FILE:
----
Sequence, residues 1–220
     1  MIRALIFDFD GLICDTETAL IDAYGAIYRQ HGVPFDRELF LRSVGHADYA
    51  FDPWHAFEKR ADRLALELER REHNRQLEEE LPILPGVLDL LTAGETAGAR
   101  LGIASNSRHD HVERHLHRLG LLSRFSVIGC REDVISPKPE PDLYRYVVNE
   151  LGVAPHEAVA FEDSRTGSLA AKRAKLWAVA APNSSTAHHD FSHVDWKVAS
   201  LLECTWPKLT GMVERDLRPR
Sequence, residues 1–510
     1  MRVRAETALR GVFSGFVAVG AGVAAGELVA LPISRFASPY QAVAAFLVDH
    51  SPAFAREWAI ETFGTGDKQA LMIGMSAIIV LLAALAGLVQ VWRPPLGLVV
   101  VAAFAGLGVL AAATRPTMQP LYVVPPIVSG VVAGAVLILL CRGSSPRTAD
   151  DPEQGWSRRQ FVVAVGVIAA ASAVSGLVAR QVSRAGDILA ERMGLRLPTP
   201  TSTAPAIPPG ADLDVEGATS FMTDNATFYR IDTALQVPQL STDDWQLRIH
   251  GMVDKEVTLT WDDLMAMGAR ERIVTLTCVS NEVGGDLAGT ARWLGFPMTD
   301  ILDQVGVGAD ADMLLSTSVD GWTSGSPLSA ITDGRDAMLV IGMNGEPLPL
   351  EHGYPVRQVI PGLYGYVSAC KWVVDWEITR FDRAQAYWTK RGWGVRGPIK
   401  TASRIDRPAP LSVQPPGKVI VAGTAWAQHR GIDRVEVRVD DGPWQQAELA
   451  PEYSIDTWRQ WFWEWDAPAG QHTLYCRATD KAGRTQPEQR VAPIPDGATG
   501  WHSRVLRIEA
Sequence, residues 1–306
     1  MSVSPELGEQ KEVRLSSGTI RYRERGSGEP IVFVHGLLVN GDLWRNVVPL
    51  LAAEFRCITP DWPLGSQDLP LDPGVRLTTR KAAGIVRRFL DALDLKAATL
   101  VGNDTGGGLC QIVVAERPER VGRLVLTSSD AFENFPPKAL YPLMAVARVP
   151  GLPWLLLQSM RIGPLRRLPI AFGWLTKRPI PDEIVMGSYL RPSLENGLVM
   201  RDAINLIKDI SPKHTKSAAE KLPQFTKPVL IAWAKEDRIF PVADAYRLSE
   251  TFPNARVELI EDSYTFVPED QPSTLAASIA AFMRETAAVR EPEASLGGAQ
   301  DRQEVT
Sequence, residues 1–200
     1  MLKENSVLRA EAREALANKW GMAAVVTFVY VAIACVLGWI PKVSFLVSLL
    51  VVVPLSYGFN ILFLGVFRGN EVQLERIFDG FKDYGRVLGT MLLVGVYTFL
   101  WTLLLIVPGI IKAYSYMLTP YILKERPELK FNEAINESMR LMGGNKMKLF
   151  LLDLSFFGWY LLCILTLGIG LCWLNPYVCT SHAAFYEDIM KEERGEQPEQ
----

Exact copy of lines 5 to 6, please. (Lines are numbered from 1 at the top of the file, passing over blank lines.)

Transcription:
   151  LGVAPHEAVA FEDSRTGSLA AKRAKLWAVA APNSSTAHHD FSHVDWKVAS
   201  LLECTWPKLT GMVERDLRPR